NOV 30, 2023
Ocular Pathology/Oncology, Oculoplastics/Orbit
The presence of madarosis, ulceration, and/or telangiectasia in an incisional eyelid biopsy is strongly predictive of a case of eyelid basal cell carcinoma (BCC).
This was a retrospective review of histopathologic diagnoses from 179 patients who underwent incisional biopsies for eyelid lesions. Investigators evaluated these diagnoses to determine if the presence of madarosis, ulceration, and telangiectasia had positive predictive values (PPVs) for eyelid BCC.
Seventy-nine of the 179 patients were diagnosed with eyelid BCC. Of these patients, 96% had ulceration, 95% had madarosis, and 75% had telangiectasias over the lid lesion. Each clinical feature was significantly associated with a diagnosis of BCC, and the presence of ≥2 signs in a patient was strongly predictive (100% PPV; odds ratios 3372.33 for ≥2 signs and 483.26 for all 3 signs).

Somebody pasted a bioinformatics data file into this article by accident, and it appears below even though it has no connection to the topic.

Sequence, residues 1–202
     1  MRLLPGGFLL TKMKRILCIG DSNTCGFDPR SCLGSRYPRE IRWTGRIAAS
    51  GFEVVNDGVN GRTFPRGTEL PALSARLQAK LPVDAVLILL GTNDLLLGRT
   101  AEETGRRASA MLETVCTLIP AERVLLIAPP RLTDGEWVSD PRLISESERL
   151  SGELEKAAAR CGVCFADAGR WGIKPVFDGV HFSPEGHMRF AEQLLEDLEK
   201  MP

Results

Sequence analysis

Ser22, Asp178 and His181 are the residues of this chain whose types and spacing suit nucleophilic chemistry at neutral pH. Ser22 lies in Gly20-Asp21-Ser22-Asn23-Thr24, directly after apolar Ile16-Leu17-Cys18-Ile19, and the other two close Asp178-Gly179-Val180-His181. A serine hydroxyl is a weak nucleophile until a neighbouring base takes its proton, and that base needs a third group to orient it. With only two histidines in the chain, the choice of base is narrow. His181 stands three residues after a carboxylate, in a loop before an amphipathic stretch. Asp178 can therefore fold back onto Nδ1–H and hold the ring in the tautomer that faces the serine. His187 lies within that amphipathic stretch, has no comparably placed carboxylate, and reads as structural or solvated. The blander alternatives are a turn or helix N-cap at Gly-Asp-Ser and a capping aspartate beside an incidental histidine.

This small retrospective review had a potential selection bias, in that all lesions suspicious of malignancy underwent biopsy. While in some cases there is an expectation of concurrent neoplasm, there was no histopathologic presence of other carcinomas present in these biopsies.
The presence of ≥2 of the aforementioned features is strongly predictive of BCC, and therefore ophthalmologists may consider surgical excision without needing the historically prerequisite incisional biopsy.
Financial Disclosures: Dr. Nikisha Richards discloses financial relationships with Horizon Therapeutics (Consultant/Advisor).